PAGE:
Veteran US Hacking Group Creates New Free and Secure App Framework

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A group of hackers called “Cult of the Dead Cow” (CDC) created “Veilid”- an open-source tool for developers to create apps that respect user privacy and security. It is a coding framework that can be used by app developers who want strong encryption while avoiding revenue and corporate-owned spaces. This group is the oldest and most influential U.S. hacking group that coined the term ‘hacktivism’, which combines hacking and activism.

According to Interesting Engineering, cDc leader Katelyn “medus4” Bowden said “We feel that at some point, the internet became less of a landscape of knowledge and idea sharing and more of a monetized corporate machine… Our idea of what the internet should be looks more like the open landscape it once was before our data became a commodity.”

CDC created Veilid using free apps and services like Signal, which provides strong encryption for texts and calls, and Tor, which allows anonymous web browsing by hiding the user’s location. Their aim as part of this new effort is to provide a basis for apps for file sharing, messaging, and even social networking that all do not harvest any data and are secured by end-to-end encryption.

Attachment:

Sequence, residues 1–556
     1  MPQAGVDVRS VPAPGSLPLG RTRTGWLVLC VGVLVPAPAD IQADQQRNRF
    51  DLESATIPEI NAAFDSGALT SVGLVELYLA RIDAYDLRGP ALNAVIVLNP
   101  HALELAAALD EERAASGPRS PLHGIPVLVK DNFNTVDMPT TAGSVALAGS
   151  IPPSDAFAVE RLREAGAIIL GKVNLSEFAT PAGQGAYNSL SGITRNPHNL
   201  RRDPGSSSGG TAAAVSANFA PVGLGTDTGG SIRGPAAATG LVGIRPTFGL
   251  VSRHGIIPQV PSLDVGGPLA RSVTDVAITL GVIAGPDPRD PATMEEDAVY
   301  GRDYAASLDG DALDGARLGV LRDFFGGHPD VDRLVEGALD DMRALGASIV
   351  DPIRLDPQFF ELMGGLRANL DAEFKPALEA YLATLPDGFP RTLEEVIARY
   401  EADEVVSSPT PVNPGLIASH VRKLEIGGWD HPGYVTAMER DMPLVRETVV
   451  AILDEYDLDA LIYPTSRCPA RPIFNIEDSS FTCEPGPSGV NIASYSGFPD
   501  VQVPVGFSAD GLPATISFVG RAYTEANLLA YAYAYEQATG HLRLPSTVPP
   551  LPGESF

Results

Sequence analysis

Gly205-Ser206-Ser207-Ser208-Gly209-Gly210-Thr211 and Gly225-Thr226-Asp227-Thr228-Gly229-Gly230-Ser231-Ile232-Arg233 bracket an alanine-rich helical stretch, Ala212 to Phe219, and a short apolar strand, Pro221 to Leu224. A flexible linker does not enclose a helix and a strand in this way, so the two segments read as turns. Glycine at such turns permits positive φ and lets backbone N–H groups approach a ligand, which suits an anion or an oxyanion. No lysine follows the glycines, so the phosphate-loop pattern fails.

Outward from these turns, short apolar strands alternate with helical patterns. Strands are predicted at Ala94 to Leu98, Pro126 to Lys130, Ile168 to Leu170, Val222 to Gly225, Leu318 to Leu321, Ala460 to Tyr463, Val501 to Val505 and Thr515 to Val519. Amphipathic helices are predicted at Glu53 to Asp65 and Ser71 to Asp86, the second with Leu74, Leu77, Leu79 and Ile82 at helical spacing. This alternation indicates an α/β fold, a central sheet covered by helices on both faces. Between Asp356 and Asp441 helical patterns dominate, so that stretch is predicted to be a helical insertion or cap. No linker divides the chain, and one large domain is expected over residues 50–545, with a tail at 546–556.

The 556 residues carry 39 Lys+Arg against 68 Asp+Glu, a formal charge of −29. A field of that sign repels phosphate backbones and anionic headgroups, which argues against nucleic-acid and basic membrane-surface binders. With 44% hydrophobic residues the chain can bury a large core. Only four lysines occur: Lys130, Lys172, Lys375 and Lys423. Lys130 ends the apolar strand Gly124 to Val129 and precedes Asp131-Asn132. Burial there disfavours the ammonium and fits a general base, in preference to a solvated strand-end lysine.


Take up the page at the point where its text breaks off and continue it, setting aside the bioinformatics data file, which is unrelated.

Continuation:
The group’s idea is for apps to be able to communicate with each other privately and securely over the internet without going through centralized and corporate-owned systems, and participating apps will be able to send fully encrypted content to each other using the Veilid protocol.

Similar to many other open-source projects, the bigger hurdle is to get programmers and engineers on board and have them devote time to creating apps that work with Veilid since the possible income sources are currently restricted by the lack of detailed information that is used to deliver targeted ads or market a product to a specific group of users.

Cult of the Dead Cow began as a group of online storytellers in the 1980s, and many of its original members are now some of the top cybersecurity experts in the field.